To quote one of his own favourite expressions, “every schoolboy knows” the outlines of Macaulay’s life and work. We have recited the Lays, probably read some of the History, possibly even heard of his eloquent and unmeasured attacks on those whose literary work incurred his displeasure. We know that his memory was phenomenal, if his statements were not always accurate. The biographers tell us further that no one could be more simple in private life, or more devoted to his own family: his nephews and nieces having no idea that their favourite “Uncle Tom” was a great man. Criticism, of course, is by no means so unanimous. Mr. Augustine Birrell has wittily remarked that his “style is ineffectual for the purpose of telling the truth about anything”; and James Thomson epitomised his political bias in a biting paragraph:—“Macaulay, historiographer in chief to the Whigs, and the great prophet of Whiggery which never had or will have a prophet, vehemently judged that a man who could pass over from the celestial Whigs to the infernal Tories must be a traitor false as Judas, an apostate black as the Devil.” Always a boy at heart, and singularly careless of his appearance, Macaulay was so phenomenally successful in every direction that envy may account for most personal criticism not inspired by recognised opponents. Those who called him a bore were most probably over-sensitive about their own inability to hold up against arguments, or opinions, they longed to combat.
He was a student at Lincoln’s Inn when the brilliant article on the translation of a newly-found treatise by Milton on Christian Doctrine appeared in the Edinburgh (1825), and inaugurated a new power in English prose. Macaulay himself declared that it was “overloaded with gaudy and ungraceful argument”; but it secured his literary reputation and determined much of his career. He became an influence on the Edinburgh, probably somewhat modifying its whole tone, and generally identified with its reputation. “The son of a Saint,” says Christopher North, “who seems himself to be something of a reviewer, is insidious as the serpent, but fangless, as the glow worm”; and the Tory press were, naturally, up in arms against the champion critic of their pet prodigies.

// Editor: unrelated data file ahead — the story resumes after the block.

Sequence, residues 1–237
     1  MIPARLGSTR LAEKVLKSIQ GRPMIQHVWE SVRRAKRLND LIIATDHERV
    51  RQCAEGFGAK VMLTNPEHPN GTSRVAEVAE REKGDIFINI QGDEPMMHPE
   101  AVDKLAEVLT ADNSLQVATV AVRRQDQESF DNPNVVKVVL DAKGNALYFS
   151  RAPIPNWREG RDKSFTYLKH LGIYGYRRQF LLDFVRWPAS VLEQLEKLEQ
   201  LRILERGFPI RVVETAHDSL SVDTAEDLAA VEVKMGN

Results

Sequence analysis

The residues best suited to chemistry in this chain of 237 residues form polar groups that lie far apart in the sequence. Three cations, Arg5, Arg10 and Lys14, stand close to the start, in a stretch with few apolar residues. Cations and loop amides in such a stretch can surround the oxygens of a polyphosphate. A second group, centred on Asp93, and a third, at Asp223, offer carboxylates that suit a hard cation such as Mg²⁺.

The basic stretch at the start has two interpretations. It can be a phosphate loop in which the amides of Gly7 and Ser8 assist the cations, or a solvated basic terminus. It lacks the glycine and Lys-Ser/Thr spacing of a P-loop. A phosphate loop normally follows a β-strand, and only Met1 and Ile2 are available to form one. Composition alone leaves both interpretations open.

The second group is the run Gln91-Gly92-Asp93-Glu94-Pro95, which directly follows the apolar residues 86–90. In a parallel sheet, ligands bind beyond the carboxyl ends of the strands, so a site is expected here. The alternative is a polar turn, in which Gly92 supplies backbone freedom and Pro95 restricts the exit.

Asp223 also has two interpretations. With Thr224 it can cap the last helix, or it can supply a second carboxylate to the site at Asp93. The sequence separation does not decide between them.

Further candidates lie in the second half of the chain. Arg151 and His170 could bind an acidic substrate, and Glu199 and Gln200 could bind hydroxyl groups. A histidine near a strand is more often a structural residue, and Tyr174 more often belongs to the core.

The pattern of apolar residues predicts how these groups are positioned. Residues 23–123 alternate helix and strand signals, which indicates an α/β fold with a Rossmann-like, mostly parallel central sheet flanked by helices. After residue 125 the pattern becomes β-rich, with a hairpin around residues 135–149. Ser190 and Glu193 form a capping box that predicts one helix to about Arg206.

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Southey received, as we must now admit, more than his fair share of abuse from the Liberal press, for the comfortable conservatism of his maturity; and Macaulay did not love the Laureate. We note that Blackwood’s defended him with spirit, and Wilson’s protracted, and furious, attack on Macaulay for this particular review may be found in the Nodes Ambrosianae, April, 1830.
Croker, in all probability, deserved much of the scorn here poured upon his editorial labour (though it had merits which his critic deliberately ignores); Wilson, again (Noctes Ambrosianae, November, 1831), examines, and professes to confute, almost every criticism in the review. Croker himself found a convenient occasion for revenge in his review of Macaulay’s History printed below.